Sculpture: I know this sounds weird, but try to imagine you physically are the sculpture, even if it doesn't have any recognizable human form. Also, try looking at the sculpture from different angles.
Photography: Imagine you're looking through a camera, and taking exactly that picture yourself.
Cinema: See several films by the same director back-to-back, so you can start to appreciate his or her personal style.
Ballet: First, the basics: you need to be able to see facial expressions, so unless your seats are very close to the stage bring good binoculars. Then, for dance that has an actual story, stay aware of which character is which: if necessary, try to get an isle seat so you can take advantage of the isle lighting to glance at your program. From there, the big trick is to imagine you're in some kind of bizarre alternate universe where nobody can actually talk, and can only communicate through dance (I know that sounds weird but it actually helps pull you into the work). The current Pacific Northwest Ballet performance of Romeo and Juliette (which ends Oct 4) would be an excellent place to start.
Live Theatre: If it's improvisational, then enjoy: my one recommendation would be that you at least try "long form" improv. On the other hand, if it's scripted, then leave at intermission. Just kidding. Kind of. Stated more constructively, my personal recommendation would be to look for one-person shows, or theatre companies which use an "ensemble" model (i.e. which always cast their shows with actors who are members of their company). In the latter case, you can look forward to seeing how the same actors handle different roles within the same season. In fact, now that I think about it that may explain why I enjoyed live theatre so much at my college while I was an undergraduate, but since then seem to have had much less luck. In the Seattle area, a good example of the latter is Washington Ensemble Theatre.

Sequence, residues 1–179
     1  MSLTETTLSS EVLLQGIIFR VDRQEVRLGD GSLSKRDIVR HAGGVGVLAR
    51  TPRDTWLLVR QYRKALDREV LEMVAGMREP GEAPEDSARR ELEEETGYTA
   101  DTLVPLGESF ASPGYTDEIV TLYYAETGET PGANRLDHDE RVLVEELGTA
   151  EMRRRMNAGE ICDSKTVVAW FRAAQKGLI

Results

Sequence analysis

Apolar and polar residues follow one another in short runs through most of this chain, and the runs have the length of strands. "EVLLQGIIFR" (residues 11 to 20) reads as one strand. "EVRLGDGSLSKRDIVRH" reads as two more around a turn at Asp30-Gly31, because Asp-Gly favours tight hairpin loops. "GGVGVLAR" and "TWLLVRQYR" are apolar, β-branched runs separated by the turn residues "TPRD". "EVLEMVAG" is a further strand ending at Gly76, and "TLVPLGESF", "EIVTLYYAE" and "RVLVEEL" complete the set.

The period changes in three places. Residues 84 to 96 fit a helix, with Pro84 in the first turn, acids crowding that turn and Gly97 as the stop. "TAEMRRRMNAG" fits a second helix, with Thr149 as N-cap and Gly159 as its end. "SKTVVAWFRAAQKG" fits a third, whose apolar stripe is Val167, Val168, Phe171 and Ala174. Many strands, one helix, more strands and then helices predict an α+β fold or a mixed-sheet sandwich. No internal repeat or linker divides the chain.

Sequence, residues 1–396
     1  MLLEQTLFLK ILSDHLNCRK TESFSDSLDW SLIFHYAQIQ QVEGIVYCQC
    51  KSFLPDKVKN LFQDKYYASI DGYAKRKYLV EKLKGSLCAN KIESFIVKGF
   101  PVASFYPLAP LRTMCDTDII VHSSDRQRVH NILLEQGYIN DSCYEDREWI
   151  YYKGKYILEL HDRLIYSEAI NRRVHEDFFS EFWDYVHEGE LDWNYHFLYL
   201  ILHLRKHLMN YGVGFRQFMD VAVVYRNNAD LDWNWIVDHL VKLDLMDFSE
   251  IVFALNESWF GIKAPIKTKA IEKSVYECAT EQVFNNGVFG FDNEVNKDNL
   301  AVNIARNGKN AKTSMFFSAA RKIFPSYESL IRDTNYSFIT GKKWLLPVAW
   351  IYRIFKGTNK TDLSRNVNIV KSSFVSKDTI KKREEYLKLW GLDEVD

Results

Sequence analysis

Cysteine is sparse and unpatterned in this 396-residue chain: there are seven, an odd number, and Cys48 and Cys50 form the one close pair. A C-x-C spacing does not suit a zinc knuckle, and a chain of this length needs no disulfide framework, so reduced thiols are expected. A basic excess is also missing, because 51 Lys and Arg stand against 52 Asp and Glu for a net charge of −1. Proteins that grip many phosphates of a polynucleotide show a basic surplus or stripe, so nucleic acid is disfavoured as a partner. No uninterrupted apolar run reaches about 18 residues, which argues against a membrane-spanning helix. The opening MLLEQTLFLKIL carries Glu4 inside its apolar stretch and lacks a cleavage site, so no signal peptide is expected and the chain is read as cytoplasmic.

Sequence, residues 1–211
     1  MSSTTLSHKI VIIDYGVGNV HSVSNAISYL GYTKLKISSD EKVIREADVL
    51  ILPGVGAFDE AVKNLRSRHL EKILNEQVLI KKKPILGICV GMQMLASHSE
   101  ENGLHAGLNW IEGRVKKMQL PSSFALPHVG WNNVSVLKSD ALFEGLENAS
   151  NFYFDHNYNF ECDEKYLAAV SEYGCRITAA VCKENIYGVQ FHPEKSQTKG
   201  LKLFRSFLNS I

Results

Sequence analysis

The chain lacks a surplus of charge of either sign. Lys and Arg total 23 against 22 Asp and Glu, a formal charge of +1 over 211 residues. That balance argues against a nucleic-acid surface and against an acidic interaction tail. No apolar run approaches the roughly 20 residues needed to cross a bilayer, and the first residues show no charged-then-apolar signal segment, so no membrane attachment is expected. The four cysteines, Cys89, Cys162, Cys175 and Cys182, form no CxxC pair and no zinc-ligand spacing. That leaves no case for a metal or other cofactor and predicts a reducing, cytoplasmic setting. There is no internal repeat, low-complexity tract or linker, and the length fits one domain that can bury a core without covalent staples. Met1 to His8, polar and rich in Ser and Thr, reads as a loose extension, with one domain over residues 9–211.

Opera: Here's the thing... It's not as if opera composers, regardless of their era, would prefer the audience not be able to understand what is being sung: the ideal would be if each audience member were fluent in the opera's language and could correctly discern every word. So, having to project the text above the stage so that the audience can understand what is being sung, although helpful and common, is a real change to the art form: in depending on the supertitles you're constantly switching from reading the text to watching the cast, all while you're supposed to be comprehending the story and being enraptured by the music. Here's what I recommend instead: (1) figure out what the best opera company is within driving distance, (2) figure out what works they have scheduled, (3) listen to at least some of each work to figure out which has the style of music you like best, (4) get that one work on CD and listen to it several times while reading along with the translation. That way when you actually see the work live that season, you'll know how the story goes and can ignore the supertitles. [Note: another opportunity is the live simulcasts by the New York Metropolitan Opera.]
Classical Music: It actually does make a difference when you hear this kind of music live. However, what I've discovered over the years is that hearing a performance via simulcast isn't that far removed from the in-person experience. What's nice about KUAT FM (which also does high-quality broadcasts over the internet) is that it carries live broadcasts for a variety of the world's best orchestras, and publishes the programs at least a month in advance. I particularly recommend the San Francisco Symphony, which does an excellent job of selecting and presenting new works. One technique I sometimes find helpful for more abstract pieces is to imagine that the sounds are painting a picture, or that the melody is like a plane tracing out a path through the air: higher for higher pitches, lower for lower pitches.
Architecture: Guided tours really help, e.g. via the Seattle Architecture Foundation. If you can, try to see buildings from the inside as well.